In any event, plaintiffs also note that Dresser stated that the "out-of-pocket" rule may be departed from where necessary to effect justice. 465 A.2d at 840 n. 18. Assuming this statement to be true, the Court believes that departure from the "out-of-pocket" rule clearly is not justified in this case. The thrust of plaintiffs' case is that defendants were negligent or fraudulent in leading plaintiffs to Mr. Weisman in the first place. Had they not breached their responsibilities, plaintiffs argue, they would never have encouraged plaintiffs to enter into the contract with Mr. Weisman. If this had been the case, plaintiffs would have saved their "out-of-pocket" losses and would never have had the opportunity to hope for the "benefit of their bargain."

Accordingly, the Court concludes without doubt that the jury's award of $400,000 was unreasonable and unjustified by the evidence or the law, and that plaintiffs are entitled as a matter of law under the jury's verdict to only their "out-of-pocket" losses of $195,000.[1]

Finally, plaintiffs argue in their opposition to defendants' post-trial motions that the Court should accept the jury's award of $400,000 a total more than $58,000 in excess of the amount requested by plaintiffs because this excess represents the justifiable award of "attorneys' fees." Defendants are correct, however, in noting that attorney's fees were never a part of this suit and were never mentioned at trial. There is no reason, and can be no reason, to characterize a portion of the jury's award as justifiable attorney's fees. Moreover, if plaintiffs are asking to the Court to award attorney's fees, the Court believes that the award of attorney's fees is not justified in this case. See F.W. Berens Sales Co. v. McKinney, 310 A.2d 601, 602-603 (D.C.1973) (setting forth the high requirements for the Court to be permitted to award attorney's fees).

In sum, the Court finds that the damages awarded by the jury of $400,000 must as a matter of both law and fact be remited to a damage award of $195,000.

Defendant Betty Jacobsen's Motion for a Judgment Notwithstanding the Verdict

Defendant Betty Jacobsen moves, pursuant to Federal Rule of Civil Procedure 50(b), for a judgment notwithstanding the verdict on the fraud count against her.[2] The Court grants her motion, agreeing with her that the evidence did not meet the high requirements for proving fraud under the law of the District of Columbia.

The standard for judging a motion for judgment notwithstanding the verdict is the same as that for a directed verdict whether a reasonable person could have reached such a verdict upon the evidence presented. See, e.g., Crown Central Petroleum Corp. v. Brice, 427 F. Supp. 638, 640 (E.D.Va.1977). Moreover, a count of fraud must be proven by "clear and convincing" evidence, not merely a preponderence of the evidence. Raynor v. Richardon-Merrell, Inc., 643 F. Supp. 238, 243 *617 (D.D.C.1986); Bennett v. Kiggins, 377 A.2d 57, 59 (D.C.1977). Finally, to recover for fraud a plaintiff must prove 1) a false representation, 2) made with knowledge by defendant of its falsity, 3) with the intent to deceive, and 4) resulting in an injury suffered by plaintiffs based on their reasonable reliance on the misrepresentation. See Urban Investments, Inc. v. Branham, 464 A.2d 93, 98 (D.C.1983); Bennett, 377 A.2d at 59.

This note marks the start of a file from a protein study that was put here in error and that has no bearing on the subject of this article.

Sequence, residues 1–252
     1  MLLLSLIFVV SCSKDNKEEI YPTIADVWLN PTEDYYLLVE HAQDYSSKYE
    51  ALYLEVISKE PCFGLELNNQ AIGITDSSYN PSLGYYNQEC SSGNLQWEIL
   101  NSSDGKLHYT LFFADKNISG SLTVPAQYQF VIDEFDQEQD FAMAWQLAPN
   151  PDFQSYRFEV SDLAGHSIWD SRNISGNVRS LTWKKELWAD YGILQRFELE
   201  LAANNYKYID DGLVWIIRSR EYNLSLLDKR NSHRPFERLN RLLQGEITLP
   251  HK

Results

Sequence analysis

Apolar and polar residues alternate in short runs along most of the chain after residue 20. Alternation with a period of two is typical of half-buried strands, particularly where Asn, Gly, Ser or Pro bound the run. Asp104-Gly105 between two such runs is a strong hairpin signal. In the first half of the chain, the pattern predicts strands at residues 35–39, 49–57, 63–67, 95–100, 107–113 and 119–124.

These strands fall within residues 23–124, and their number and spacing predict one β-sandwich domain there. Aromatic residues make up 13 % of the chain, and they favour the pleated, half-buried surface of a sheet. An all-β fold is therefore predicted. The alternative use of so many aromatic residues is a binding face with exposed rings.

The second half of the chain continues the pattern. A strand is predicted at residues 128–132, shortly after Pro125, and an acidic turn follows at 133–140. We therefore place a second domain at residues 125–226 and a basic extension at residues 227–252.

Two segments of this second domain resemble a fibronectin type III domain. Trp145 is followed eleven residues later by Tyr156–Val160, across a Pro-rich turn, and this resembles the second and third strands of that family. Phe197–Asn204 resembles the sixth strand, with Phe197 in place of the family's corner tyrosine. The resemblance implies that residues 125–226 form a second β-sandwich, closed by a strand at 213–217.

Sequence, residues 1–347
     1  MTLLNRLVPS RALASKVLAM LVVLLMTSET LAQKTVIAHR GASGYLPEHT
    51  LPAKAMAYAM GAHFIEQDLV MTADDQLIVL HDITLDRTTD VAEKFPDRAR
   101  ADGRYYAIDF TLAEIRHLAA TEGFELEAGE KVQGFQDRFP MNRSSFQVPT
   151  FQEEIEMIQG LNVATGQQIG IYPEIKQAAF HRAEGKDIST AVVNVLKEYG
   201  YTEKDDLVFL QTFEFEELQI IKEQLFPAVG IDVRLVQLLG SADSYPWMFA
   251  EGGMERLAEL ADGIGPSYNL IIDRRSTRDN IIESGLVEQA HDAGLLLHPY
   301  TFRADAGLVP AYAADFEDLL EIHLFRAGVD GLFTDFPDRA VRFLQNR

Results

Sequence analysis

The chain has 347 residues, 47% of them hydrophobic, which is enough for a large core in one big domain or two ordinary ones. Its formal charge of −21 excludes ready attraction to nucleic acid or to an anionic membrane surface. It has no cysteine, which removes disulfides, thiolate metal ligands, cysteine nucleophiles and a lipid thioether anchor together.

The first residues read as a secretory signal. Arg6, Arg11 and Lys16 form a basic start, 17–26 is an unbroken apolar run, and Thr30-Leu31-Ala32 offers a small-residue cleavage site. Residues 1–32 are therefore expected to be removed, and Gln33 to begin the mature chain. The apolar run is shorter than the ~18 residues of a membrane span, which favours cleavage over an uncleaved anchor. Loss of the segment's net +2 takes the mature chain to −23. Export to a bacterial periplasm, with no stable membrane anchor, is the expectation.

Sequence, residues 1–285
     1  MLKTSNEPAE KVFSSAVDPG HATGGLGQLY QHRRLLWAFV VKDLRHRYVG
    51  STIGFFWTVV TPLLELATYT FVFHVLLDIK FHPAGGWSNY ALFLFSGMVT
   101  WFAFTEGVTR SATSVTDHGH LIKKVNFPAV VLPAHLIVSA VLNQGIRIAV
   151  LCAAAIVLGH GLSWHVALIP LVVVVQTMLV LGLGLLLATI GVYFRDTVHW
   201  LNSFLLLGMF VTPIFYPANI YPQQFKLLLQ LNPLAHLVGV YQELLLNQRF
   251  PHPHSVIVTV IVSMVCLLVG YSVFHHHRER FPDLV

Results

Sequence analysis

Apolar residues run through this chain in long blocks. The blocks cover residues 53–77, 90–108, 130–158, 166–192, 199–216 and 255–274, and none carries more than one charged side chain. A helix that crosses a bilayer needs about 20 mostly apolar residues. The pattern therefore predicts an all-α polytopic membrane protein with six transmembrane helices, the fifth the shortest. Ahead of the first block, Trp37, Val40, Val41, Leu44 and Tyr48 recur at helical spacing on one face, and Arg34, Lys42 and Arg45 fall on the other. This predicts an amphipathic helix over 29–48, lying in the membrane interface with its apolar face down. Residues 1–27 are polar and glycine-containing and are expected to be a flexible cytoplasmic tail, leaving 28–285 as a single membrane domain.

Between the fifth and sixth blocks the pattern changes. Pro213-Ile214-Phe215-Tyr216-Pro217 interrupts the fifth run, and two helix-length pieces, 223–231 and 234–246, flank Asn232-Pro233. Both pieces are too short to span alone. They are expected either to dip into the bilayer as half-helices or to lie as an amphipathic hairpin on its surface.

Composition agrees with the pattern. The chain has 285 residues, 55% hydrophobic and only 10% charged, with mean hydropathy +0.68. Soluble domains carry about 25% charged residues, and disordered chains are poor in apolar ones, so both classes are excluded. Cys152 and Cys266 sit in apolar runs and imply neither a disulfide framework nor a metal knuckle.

Plaintiffs argued that Ms. Jacobsen defrauded plaintiffs by knowingly failing to tell them that that Weisman had no intention of completing the promised improvements to their homes, by giving plaintiffs a net worth statement of Mr. Weisman that she knew to be false, and presenting them with a subordination agreement that largely concealed the dangers of the first trust arrangement. The evidence showed that Ms. Jacobsen never actually spoke to plaintiffs, but made representations to defendants Begg, Inc., and its agents, who in turn spoke to plaintiffs.

With regard to Ms. Jacobsen's knowledge of Mr. Weisman's intentions, plaintiffs had the burden of proving that when Ms. Jacobsen made her statements she knew that Mr. Weisman did not intend to make the promised improvements on the home. See Bennett, 377 A.2d at 61 (fraud based on a promise exists only when the party knows that the events promised will not occur). The evidence showed that Mr. Weisman had delayed in making scheduled improvements on some of the previous properties purchased by him with the help of Ms. Jacobsen, but that renovation work had been completed on other of the properties. Moreover, the absence of work on other properties that was scheduled to begin after Ms. Jacobsen's allegedly fraudulent statements in this case cannot prove that Ms. Jacobsen knew at the time she made the statements in the instant case that the Mr. Weisman had no intention of making the promised renovations. In sum, the Court finds that a reasonable person could not find that there was clear and convincing evidence that Ms. Jacobsen's statements with regard to Mr. Weisman's intentions were fraudulent.